Network security

Endpoint Security

August 31, 2020 by Kurt Ellzey

Endpoint.  No, it’s not the next Avengers movie but it almost has as many points of reference in it.  The “Endpoint” used to mean where the connection from an ISP entered a building.  From there on, everything was behind the organization’s protections- firewalls, proxies, hardware level filters, etc.  If anything did manage to get past all that, then you would have traditional anti-virus on the individual workstations on-site.

However in an age where there are millions of devices directly connected to the internet, each with a potential treasure trove of data on it, the Endpoint has changed from a single defensible position to a swarm of individual outposts.  As a result, there are dozens of products on the market now designed for Endpoint Security, but realistically what do they cover?  What does the Endpoint need to be defended against?

What is the Endpoint?

In the case of standard wired workstations at an organization’s physical presence, they essentially exist behind the Endpoint in a safe zone.  However when we have laptops, mobile devices, tablets and other types of connected devices, these all then have the potential to have their own independent Internet connection as well as some method of talking to the Internal network.  The degree of this connection can vary wildly depending on the purpose of the device- from an Exchange connection to access work emails all the way up to a full VPN tunnel.  When this happens, compliance to the requirements of the organization is a critical need that must be managed properly and with proper notifications if anything is not up to speed.

Mobile Device Management (MDM) is one such methodology.  There are a large number of different software packages, including Microsoft’s own ActiveSync, that have some level of MDM active in them.  In the case of ActiveSync for example, a device that has become compromised or lost it can be remote wiped to prevent a potential theft of data.  Other products are capable of applying standard policies such as websites that are not allowed, geofencing to only allow access within a specified area, regular reporting of device status (and potential rooting), and in some cases remote access to allow for troubleshooting directly on the device.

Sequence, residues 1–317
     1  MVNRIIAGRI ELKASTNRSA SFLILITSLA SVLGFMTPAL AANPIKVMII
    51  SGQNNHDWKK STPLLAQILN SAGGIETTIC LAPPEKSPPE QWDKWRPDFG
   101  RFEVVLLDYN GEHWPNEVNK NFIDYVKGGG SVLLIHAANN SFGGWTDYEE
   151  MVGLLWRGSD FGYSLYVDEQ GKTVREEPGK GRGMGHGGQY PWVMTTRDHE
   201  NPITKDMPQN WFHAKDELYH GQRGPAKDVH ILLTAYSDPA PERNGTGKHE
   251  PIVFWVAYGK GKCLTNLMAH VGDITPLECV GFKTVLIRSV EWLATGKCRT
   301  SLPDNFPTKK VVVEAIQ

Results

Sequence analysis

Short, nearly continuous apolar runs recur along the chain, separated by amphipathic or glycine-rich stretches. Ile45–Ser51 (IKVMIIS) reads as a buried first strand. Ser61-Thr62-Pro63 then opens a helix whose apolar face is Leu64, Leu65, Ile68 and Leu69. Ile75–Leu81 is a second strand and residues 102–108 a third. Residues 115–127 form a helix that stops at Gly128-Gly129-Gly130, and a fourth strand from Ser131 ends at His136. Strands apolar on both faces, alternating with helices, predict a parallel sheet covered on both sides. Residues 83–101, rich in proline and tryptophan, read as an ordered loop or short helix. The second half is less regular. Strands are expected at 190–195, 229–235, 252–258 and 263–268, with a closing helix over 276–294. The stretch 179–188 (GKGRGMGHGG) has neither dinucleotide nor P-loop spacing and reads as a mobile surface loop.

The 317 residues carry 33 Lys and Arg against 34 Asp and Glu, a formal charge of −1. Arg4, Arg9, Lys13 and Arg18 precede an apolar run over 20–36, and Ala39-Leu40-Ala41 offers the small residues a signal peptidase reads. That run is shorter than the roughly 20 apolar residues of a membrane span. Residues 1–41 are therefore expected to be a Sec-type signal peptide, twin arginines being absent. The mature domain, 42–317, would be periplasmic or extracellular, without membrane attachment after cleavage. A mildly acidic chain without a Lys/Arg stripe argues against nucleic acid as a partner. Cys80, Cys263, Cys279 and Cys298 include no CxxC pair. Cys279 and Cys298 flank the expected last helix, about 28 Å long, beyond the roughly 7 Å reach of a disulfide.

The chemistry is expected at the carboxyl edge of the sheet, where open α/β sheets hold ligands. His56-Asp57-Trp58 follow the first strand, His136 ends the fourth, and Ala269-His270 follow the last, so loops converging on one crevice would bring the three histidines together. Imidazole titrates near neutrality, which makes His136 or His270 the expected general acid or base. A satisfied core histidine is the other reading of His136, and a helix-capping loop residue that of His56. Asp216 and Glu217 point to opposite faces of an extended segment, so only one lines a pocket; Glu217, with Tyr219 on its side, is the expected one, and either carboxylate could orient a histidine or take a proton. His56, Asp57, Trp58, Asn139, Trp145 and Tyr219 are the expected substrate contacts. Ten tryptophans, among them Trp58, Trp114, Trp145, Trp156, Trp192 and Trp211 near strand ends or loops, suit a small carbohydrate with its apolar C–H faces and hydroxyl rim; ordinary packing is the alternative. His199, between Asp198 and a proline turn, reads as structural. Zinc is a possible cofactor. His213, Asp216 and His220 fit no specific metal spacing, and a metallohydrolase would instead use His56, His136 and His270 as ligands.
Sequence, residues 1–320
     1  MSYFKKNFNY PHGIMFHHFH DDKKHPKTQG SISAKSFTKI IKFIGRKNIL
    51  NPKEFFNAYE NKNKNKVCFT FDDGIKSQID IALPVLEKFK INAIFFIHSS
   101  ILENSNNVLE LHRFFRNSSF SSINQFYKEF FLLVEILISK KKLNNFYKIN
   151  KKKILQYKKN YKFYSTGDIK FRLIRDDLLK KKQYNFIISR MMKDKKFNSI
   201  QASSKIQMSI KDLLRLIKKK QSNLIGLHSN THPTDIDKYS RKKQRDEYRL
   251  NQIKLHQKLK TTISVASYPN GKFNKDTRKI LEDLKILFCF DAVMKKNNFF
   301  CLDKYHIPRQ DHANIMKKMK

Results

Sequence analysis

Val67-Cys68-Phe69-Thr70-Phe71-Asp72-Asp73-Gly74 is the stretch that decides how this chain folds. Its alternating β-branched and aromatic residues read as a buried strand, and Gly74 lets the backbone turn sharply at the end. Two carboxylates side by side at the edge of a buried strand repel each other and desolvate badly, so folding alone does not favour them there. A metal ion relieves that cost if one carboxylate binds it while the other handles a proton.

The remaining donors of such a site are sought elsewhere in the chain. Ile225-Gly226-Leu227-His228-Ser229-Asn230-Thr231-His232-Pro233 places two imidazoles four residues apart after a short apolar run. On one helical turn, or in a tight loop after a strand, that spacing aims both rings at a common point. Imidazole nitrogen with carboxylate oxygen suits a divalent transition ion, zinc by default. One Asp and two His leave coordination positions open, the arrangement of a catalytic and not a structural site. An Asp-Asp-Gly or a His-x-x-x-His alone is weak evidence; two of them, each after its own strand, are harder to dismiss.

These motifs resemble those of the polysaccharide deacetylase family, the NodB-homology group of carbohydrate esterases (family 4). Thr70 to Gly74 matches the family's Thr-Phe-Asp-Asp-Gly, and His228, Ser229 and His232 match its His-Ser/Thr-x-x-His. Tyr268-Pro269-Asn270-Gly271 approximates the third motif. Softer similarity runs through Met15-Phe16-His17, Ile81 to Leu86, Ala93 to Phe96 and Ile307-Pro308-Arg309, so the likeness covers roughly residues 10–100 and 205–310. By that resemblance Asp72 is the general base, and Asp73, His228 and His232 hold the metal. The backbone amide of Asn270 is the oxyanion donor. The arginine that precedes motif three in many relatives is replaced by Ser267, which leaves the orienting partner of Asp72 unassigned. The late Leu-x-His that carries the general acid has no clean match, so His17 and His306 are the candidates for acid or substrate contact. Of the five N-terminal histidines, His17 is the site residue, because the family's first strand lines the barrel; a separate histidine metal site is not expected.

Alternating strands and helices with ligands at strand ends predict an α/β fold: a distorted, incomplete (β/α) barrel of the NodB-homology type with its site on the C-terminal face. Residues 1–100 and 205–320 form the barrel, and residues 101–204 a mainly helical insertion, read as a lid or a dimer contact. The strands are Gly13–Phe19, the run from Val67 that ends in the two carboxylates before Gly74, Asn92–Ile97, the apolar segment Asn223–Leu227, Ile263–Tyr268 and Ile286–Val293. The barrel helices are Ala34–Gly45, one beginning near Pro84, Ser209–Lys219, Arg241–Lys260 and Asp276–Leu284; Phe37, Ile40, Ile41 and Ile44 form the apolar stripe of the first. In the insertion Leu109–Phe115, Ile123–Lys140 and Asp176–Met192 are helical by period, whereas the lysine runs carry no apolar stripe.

But all of this doesn’t really answer one critical question- what makes an Endpoint like a Mobile device or even a laptop that much different than a standard workstation?  Three key items:


Data Types

Usage Methods

Location is one of the easiest to understand in this case.  When a device is all but chained down to a desk, it’s very difficult to take a full workstation off to a coffee shop let alone work on it while waiting for your order.  Let’s say for a moment that you’re out and about, travelling for work and you’re at a major coffee franchise that shall remain nameless.  You’ve been working for a good half an hour and need to go to the bathroom.  So you lock the device, put it in your bag and take the whole thing with you.  Up until this point, that’s all a very safe and secure method- keeping eyes on the equipment at all times when in a public area.  Unfortunately this still could be taken and ran with.  The person that took the laptop would potentially be able to guess the password if a lockdown policy was not in place or if it was not a member of a domain.  If the storage on the laptop isn’t encrypted, it would be even easier because they could take the drive out, pop it into another machine and go from there.  However with proper Endpoint Security, it would be possible to put in a report to your organization and before the person even gets to the next block there could be tracking active on the laptop and/or a remote wipe scheduled to run as soon as it powers up.